Consequently, within a period of less than a century, the image of Jesus has been altered perceptibly; his humanity is rapidly downgraded whilst his divine status is accentuated and bolstered by the addition of supernatural happenings and miraculous explanations. This provides the groundwork for later doctors of the church and clergy, sitting in council, to convert doctrine into dogma and formulate a prescribed set of beliefs reinforced by draconian penalties such as excommunication and the auto-da-fe. Over the coming centuries, the church was to prove itself as adept in the maintenance of discipline by the application of cruel and unusual punishments as any temporal empire. Moreover, the combination of throne and altar could be potent and culturally calamitous as we see in the activities of the conquistadores in south America.
Although the quest for the historical Jesus has been a feature of biblical scholarship for centuries, it is arguable that it is really only recently that it has become a branch of study which can be pursued without fear of favour by scholars who are genuine seekers after truth unencumbered by disciplinary restraints such as those which trammelled the activities of Hans Kung some thirty years ago (and which have not yet been lifted by Rome!). Writers such as former bishops John Shelby Spong and Richard Hollaway , in their numerous books, have made us privy to their genuine, at times anguished, attempts to make sense of their residual beliefs and to salvage from the dustheap of institutional Christianity that which is relevant and usable in a
post-Christian age. Charles Taylor and Philip Jenkins with their writings on religion
in a secular age, Archbishop Rowan Williams with his thoughtful and intelligent insights into true functions of organised religion, Miroslav Volf on the subject of the churches' great malfunctions, all offer insights into the real essence of the Christian faith.
It is perhaps true to say that the Christian church needs not so much to
reinvent itself as to rediscover itself and to strip away the protective camouflage with which it has been covered over the centuries by clergy who were possibly compen-sating for their lack of confidence in the power of the Christian message to keep the faithful in thrall. Only with the aid of pageantry, ritual, sumptuous ceremony and power politics would their political ambitions be achieved. The challenge now is to redress this balance, to identify the essential message and to trust in that message to commend itself without the need for complex dogma and mediaeval ritual. Where better to begin this process but with Jesus himself, considered within his cultural and religious context with full allowance made for the metaphor and mythology which were important teaching aids for any one in his position. Any teacher or lecturer would agree that reference to contemporary events and the use of the vocabulary of the day that would make the lesson relevant and gripping is crucial to the process of communication; equally, they would agree that the references and language of two thousand years ago would not usefully be deployed in a twenty first century lecture hall. The quest for the historical Jesus needs to address this and to decide which elements of his teaching were genuine and original and to identify the extraneous accretions that now serve only to obscure the core teachings.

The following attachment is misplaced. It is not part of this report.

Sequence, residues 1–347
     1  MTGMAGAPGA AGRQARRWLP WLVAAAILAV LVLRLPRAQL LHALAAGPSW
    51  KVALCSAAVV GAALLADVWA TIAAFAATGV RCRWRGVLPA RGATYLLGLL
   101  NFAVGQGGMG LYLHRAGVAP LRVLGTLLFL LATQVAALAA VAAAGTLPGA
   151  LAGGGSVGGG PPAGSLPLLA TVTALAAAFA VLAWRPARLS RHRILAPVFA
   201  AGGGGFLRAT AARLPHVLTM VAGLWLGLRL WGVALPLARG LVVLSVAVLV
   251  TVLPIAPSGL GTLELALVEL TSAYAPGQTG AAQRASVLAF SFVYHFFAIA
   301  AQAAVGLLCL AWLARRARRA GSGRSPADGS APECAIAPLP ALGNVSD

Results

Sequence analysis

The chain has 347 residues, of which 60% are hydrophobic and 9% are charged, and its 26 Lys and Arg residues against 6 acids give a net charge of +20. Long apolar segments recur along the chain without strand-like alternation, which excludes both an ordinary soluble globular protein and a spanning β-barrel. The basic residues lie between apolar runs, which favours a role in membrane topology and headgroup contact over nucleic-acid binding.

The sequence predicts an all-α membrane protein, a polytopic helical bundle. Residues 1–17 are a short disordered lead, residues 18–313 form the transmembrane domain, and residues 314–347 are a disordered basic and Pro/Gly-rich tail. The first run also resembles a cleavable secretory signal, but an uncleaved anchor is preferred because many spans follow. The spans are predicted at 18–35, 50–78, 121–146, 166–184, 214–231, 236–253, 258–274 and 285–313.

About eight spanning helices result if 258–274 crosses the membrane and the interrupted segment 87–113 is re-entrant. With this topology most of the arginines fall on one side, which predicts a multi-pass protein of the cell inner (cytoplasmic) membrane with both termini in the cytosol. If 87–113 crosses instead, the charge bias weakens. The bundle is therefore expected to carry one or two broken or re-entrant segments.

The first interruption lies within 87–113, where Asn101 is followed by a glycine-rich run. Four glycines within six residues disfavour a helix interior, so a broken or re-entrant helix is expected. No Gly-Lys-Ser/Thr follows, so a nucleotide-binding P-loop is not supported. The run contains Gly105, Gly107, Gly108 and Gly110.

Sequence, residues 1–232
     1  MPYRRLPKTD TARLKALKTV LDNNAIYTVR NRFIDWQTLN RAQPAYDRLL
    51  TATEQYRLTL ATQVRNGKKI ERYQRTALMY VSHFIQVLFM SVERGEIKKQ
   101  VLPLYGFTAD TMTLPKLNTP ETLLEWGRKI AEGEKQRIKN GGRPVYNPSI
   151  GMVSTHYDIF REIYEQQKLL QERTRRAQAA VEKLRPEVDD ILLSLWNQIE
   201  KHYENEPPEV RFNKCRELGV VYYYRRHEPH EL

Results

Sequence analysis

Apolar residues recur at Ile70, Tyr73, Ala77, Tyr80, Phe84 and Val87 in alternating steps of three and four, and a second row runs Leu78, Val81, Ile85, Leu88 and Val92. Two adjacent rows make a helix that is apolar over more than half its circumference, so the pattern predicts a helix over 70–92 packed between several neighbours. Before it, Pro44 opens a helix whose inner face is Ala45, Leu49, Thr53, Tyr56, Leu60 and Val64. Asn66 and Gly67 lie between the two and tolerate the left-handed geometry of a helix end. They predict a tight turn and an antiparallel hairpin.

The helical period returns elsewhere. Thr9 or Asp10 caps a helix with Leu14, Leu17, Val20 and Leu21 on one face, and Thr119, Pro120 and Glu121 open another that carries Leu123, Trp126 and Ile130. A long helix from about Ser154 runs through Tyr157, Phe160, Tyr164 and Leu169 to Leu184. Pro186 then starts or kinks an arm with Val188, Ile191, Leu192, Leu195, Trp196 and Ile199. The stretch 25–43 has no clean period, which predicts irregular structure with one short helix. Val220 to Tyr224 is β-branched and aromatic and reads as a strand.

Many traditional Christians fear that the movement symbolised by the quest for the historical Jesus will involve wholesale surrender to what Martin Luther described as the seductive 'whore reason' and that only biblical revelation can offer knowledge of God. This approach necessitates trusting, boundless faith and place us in a credo ut intelligam position where knowledge plays no part in the formation of our beliefs but is subordinate to and entirely dependent upon belief. The eighteenth century divine, Matthew Tindal, when evaluating claims for the scriptures, mused
It's an odd jumble to prove the truth of a book by the truth of the
doctrines it contains, and at the same time conclude those doctrines
to be true because contained in that book.
The quest for the historical Jesus will assuredly carry us beyond the compromise position of the Roman Catholic Church with its distinction between natural theology (which can be argued rationally) and supernatural theology (which can be known only by faith). In 1972, Hans Kung articulated a version of this which is likely to appeal to many seekers after truth, when he wrote
Faith must not be blind, but responsible. Man ought not to be
coerced, but rationally convinced, so that he can make a justifiable
decision of faith. Faith must not be void of reality, but related to
reality. Man ought not to have to believe simply, without verification.
His statements should be proved and tested by contact with reality,
within the present-day horizon of experience of man and society, and
thus be covered by the concrete experience of reality.
As a mission statement for our quest to find the real Jesus, this surely hard to fault!
Rev. Graham Louden